• Urea is easily measured. It has a wide reference range and the value increases after a meal. Its concentration is increased in many different conditions which makes it sensitive to the presence of disease but a non-specific test.
  • Urea is easily measured. It has a wide reference range and the value increases after a meal. Its concentration is increased in many different conditions which makes it sensitive to the presence of disease but a non-specific test.
  • In health only about 60% of filtered urea is excreted the rest is reabsorbed passively by the renal tubules. The rate of urea reabsorption is variable and depends on the rate of tubular flow. More urea is reabsorbed if the flow rate is slow as there is more time for urea to diffuse into the peritubular capillaries. Flow rate is slow when there is a decrease in RBF, following myocardial infarction for example. More urea is reabsorbed and plasma urea increases. Many conditions result in renal hypoperfusion including fluid loss, circulatory insufficiency, renal artery stenosis
  • From a clinical perspective it is important to have test which would have these characteristics. No such test exists. An early test to detect renal damage, for instance a simple strip test for haematuria is important in screening for heavy metal poisoning. There is a clinical need to monitor a patient with renal disease and this is achieved by serial plasma measurements. We need to know when to start dialysis in renal failure and laboratory tests assist the clinical decision making. There are about a million nephrons in each kidney and this represents a considerable functional reserve. In renal disease about half the nephrons have to lose their functioning before the abnormality can be detected by conventional laboratory tests.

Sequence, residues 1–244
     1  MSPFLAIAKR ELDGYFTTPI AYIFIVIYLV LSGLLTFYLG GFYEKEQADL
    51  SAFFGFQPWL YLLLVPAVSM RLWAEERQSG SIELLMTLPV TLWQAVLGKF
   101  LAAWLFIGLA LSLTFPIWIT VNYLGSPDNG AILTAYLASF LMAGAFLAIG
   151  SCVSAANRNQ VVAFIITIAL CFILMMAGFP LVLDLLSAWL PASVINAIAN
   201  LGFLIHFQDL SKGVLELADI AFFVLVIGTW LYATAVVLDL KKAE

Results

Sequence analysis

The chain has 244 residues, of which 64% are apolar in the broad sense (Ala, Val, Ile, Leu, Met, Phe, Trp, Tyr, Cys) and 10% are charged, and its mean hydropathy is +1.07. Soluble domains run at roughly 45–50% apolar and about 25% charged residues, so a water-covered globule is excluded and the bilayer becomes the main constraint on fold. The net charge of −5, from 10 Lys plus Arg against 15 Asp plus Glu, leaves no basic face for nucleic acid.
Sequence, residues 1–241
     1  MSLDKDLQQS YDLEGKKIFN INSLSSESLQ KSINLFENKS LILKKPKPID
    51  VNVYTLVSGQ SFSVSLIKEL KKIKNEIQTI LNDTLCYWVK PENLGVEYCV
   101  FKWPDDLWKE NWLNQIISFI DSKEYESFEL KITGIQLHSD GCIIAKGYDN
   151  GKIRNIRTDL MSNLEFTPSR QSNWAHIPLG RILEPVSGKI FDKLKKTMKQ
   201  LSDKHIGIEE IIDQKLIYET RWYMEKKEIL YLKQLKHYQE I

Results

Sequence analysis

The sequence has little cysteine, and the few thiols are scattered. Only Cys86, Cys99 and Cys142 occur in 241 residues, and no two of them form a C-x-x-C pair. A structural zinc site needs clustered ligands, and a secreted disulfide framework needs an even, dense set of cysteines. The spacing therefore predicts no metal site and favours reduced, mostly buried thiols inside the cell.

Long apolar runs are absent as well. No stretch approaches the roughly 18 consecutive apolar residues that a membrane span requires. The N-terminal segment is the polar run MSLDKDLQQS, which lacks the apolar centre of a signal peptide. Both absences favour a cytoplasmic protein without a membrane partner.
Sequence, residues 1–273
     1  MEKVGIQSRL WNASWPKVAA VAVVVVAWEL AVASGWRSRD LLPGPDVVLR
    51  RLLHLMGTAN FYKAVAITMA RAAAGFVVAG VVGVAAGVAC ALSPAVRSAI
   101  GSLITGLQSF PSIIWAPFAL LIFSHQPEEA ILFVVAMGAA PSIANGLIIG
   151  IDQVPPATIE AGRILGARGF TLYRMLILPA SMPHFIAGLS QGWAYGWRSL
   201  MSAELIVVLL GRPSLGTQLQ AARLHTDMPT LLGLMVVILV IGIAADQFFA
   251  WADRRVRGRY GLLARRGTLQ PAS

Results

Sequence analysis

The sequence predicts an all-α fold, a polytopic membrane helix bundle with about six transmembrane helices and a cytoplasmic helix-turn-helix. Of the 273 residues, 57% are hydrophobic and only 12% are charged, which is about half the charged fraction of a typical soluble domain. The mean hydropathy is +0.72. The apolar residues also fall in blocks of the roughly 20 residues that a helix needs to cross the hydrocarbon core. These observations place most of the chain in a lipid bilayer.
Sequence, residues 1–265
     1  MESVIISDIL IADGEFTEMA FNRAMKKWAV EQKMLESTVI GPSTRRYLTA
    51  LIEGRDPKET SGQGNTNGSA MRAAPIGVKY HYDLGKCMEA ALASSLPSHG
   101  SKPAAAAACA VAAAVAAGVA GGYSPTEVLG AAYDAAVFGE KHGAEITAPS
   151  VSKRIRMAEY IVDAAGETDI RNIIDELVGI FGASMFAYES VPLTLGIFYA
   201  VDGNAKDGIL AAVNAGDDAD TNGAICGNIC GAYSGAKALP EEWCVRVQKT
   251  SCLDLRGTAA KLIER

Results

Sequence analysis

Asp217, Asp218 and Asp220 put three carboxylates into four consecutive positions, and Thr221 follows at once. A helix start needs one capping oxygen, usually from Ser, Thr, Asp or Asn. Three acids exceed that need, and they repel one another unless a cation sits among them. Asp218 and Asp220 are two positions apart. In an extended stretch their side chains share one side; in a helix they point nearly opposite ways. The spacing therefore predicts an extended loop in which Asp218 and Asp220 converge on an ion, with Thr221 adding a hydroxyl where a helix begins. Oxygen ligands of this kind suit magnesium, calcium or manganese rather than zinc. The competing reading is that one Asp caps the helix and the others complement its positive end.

• In most circumstances the measurement of plasma creatinine can provide a specific test of glomerular function. The reference range is wide. A body builder may have a plasma creatinine at the top end and an old lady a value at the low end and this reflects muscle mass. Plasma creatinine should not be measured until 8 hours after a meal as there is some evidence that the concentration increases after meat ingestion. Plasma creatinine concentration increases when GFR falls. The problem is that GFR has to fall quite a bit before plasma creatinine concentration reliably increases. There are some important analytical interferences which you should check with the laboratory. A patient with ketoacidosis, jaundice or infection might have agents in the plasma which could invalidate the measurement of creatinine. Overhead 1 follows
  • GFR is not often measured in clinical practice. It requires a patient to come to hospital. Currently people who are considering donating a kidney whilst they are alive have their GFR measured. Before administering a drug with potentially toxic effects some patients will require a GFR measurement before the chemotherapy. This enables the oncologist to calculate the exact dose of drug after estimating its elimination rate. GFR used to be measured by calculating the clearance of inulin. Nowadays radioactive substances are used, either technetium labelled diethylenediaminetetra acetic acid DTPA or 51-chromium labelled EDTA ethylenediaminetetra acetic acid.

Renal Functions In Children Renal Functions In Children Presentation Transcript